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Crimson Crux

Pseudo-techblog where the Corsarius gets serious. Visit blog.corsarius.net for his alter ego.

University of Red Tape

Tuesday, May 31, 2005 at 1:50 AM

[Not qute a serious post, I believe.]


For three years, I've been spared the sordid fate of being the victim of UP's inefficient, failure-prone bureaucracy. All my grades have been faithfully transcribed into the College's records, and all my units have been properly accounted for. I'm in the right path towards a hassle-free graduation. Thank heavens for that.

Or so I thought.

I recently applied (er, paid) for a true copy of grades (TCG), a requirement by some of the companies present in the the Engineering Job Fair a few months back. It was nothing important, really; the paper would just serve to confirm my first and only stint as a College Scholar a few sems back (let me see that personal-best 1.68 GWA!). Of course, I unabashedly proclaimed the said 'achievement' on my resume, and I needed the TCG to back it up.

But disappointment of disappointments, I wasn't a College Scholar! The TCG sneered so. Mistakenly.

The reason? I had a 5.0 in CWTS 1, of all the subjects in the University. And what's more painful is that I practically didn't take the damn course!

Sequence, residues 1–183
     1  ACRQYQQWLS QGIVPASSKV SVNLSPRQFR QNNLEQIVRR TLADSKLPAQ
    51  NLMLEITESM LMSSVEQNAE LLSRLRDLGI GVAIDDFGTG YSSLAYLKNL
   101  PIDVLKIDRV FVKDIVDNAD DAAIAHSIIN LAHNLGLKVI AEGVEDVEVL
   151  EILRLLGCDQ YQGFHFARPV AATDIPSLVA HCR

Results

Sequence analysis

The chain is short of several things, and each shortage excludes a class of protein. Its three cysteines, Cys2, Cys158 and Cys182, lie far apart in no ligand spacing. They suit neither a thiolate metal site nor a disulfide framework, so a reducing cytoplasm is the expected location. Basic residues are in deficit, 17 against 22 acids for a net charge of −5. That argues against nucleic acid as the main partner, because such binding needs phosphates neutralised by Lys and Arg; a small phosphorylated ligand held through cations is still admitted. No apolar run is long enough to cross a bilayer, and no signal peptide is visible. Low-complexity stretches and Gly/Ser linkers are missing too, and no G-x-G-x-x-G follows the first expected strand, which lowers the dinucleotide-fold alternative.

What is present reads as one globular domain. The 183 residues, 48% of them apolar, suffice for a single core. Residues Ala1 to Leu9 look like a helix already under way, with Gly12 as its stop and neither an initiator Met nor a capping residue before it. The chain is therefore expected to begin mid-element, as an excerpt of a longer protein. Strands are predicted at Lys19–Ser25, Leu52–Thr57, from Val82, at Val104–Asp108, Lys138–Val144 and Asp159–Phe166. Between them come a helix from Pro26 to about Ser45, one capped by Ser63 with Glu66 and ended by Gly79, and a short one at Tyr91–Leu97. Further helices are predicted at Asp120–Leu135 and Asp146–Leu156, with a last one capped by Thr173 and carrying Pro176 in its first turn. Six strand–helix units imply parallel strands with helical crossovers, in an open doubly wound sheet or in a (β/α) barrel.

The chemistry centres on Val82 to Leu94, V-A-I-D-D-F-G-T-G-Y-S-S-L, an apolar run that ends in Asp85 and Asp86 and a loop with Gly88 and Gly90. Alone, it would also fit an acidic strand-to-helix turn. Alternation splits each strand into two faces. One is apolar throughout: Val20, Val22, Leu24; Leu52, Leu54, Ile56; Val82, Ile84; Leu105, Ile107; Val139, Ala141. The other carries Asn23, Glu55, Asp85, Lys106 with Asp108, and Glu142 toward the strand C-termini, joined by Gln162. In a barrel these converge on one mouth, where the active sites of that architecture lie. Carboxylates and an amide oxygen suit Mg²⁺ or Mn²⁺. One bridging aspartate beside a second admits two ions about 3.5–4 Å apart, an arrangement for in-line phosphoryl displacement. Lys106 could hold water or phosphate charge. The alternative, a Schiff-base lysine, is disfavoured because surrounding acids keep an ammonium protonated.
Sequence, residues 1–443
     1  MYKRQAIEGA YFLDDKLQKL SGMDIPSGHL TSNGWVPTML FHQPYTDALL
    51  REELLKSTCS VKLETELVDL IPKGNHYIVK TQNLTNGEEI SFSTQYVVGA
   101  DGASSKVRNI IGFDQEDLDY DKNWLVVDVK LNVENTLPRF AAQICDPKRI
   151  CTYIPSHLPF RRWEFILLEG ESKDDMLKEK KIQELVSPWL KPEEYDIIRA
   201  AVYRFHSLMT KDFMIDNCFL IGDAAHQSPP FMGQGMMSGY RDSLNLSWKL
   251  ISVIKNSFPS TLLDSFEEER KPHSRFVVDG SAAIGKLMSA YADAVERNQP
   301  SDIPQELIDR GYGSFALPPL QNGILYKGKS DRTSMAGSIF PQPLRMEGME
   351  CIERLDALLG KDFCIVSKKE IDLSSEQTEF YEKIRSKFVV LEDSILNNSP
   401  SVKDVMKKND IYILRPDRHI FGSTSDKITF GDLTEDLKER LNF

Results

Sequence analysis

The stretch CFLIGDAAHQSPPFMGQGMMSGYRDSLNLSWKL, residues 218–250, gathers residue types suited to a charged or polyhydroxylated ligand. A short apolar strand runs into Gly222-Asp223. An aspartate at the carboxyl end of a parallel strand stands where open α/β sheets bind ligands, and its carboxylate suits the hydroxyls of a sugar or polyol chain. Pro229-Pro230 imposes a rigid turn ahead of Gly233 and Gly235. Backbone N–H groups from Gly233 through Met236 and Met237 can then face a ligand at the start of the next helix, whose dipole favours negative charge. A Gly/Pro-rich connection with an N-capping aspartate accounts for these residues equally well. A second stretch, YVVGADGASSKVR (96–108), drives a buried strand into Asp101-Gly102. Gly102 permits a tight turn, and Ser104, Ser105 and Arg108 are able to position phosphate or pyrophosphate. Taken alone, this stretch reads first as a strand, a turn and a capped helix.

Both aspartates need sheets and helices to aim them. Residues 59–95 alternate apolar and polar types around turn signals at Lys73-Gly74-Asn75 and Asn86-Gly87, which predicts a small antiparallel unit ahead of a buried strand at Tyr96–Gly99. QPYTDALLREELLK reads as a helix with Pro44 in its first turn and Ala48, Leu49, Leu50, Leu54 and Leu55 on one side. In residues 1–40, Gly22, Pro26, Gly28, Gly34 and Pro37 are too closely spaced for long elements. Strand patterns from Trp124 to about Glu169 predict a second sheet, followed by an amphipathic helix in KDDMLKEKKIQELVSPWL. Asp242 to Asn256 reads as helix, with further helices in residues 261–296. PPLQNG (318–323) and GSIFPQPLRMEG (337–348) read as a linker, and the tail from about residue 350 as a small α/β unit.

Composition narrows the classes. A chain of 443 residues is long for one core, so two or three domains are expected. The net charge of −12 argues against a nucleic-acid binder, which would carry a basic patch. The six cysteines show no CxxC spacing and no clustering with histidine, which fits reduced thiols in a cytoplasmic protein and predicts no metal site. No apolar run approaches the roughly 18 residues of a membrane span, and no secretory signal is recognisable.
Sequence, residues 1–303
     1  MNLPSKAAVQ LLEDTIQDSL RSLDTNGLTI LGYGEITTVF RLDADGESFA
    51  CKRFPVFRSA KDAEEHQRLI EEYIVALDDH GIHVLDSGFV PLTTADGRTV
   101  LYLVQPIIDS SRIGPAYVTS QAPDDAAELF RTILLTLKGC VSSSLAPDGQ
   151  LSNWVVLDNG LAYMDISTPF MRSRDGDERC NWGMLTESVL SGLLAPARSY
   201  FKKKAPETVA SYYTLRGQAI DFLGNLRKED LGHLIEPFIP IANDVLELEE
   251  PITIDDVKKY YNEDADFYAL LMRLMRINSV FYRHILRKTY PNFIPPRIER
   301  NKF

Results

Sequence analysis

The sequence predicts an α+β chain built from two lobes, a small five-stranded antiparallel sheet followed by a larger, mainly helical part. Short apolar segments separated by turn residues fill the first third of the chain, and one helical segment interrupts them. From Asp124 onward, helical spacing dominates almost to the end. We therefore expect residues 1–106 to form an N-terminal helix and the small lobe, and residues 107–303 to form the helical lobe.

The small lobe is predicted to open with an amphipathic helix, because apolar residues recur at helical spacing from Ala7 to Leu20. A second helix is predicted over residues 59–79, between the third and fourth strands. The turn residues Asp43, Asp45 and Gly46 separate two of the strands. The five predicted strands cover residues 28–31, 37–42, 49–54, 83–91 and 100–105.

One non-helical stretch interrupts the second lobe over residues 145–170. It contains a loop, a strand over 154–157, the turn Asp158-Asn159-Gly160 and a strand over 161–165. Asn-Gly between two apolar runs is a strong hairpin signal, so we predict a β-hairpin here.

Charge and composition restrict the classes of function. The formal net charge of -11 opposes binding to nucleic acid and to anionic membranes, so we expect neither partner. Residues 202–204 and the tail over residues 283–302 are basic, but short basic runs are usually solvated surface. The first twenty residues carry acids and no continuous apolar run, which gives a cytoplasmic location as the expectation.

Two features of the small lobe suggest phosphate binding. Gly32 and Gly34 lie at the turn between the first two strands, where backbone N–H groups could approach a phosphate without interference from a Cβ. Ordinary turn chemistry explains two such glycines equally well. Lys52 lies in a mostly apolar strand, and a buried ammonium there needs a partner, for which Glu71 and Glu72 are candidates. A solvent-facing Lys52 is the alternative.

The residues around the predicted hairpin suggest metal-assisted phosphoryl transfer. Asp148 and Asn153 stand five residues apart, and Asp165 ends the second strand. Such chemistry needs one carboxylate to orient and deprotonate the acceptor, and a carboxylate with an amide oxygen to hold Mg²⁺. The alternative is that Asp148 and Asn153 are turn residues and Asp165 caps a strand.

I did finish a CWTS class, but it was CWTS 1 and 2, the one offered by the College of Business Administration. I got a passing mark on that (no numeric grades there, just P or F), the product of me and my groupmate's welfare work and fund-raising for Boystown Manila. That subject was also faithfully reflected in the TCG, all right, but alongside my supposedly 'flunked' CWTS 1 subject!

The latter was the "rappeling" course offered by the College of Engineering and Kampo Uno, of which I was an original enrollee. But after being enticed by the CBA's CWTS 1 and 2, I applied for a change of matriculation (change-mat). It was of course promptly completed, signed and authorized by both the Eng'g and BA parties. So, after all the hoopla, I was OFFICIALLY dropped from the Engg CWTS and OFFICIALLY enrolled in the BA CWTS.

According to the TCG, the last half of that last line is correct, but the first is NOT.

So, what was the purpose of me going through that systematic application for an OFFICIAL change-mat, if in the end it was still going to be screwed up?